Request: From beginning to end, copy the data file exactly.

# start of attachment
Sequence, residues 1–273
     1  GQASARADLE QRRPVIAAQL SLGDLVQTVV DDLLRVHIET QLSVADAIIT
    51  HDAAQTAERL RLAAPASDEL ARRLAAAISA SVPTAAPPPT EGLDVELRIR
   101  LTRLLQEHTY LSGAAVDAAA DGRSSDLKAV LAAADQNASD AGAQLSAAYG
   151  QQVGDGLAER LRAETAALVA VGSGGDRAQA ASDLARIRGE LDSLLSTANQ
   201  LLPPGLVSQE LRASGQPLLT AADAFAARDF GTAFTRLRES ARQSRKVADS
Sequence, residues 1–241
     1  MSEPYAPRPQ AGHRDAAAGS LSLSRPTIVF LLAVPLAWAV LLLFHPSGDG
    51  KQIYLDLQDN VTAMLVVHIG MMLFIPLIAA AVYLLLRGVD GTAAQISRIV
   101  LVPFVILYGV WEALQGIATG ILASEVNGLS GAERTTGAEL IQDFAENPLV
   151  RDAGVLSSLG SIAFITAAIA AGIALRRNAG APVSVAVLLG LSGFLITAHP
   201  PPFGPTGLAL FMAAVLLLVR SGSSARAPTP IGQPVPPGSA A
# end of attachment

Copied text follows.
Sequence, residues 1–273
     1  GQASARADLE QRRPVIAAQL SLGDLVQTVV DDLLRVHIET QLSVADAIIT
    51  HDAAQTAERL RLAAPASDEL ARRLAAAISA SVPTAAPPPT EGLDVELRIR
   101  LTRLLQEHTY LSGAAVDAAA DGRSSDLKAV LAAADQNASD AGAQLSAAYG
   151  QQVGDGLAER LRAETAALVA VGSGGDRAQA ASDLARIRGE LDSLLSTANQ
   201  LLPPGLVSQE LRASGQPLLT AADAFAARDF GTAFTRLRES ARQSRKVADS
Sequence, residues 1–241
     1  MSEPYAPRPQ AGHRDAAAGS LSLSRPTIVF LLAVPLAWAV LLLFHPSGDG
    51  KQIYLDLQDN VTAMLVVHIG MMLFIPLIAA AVYLLLRGVD GTAAQISRIV
   101  LVPFVILYGV WEALQGIATG ILASEVNGLS GAERTTGAEL IQDFAENPLV
   151  RDAGVLSSLG SIAFITAAIA AGIALRRNAG APVSVAVLLG LSGFLITAHP
   201  PPFGPTGLAL FMAAVLLLVR SGSSARAPTP IGQPVPPGSA A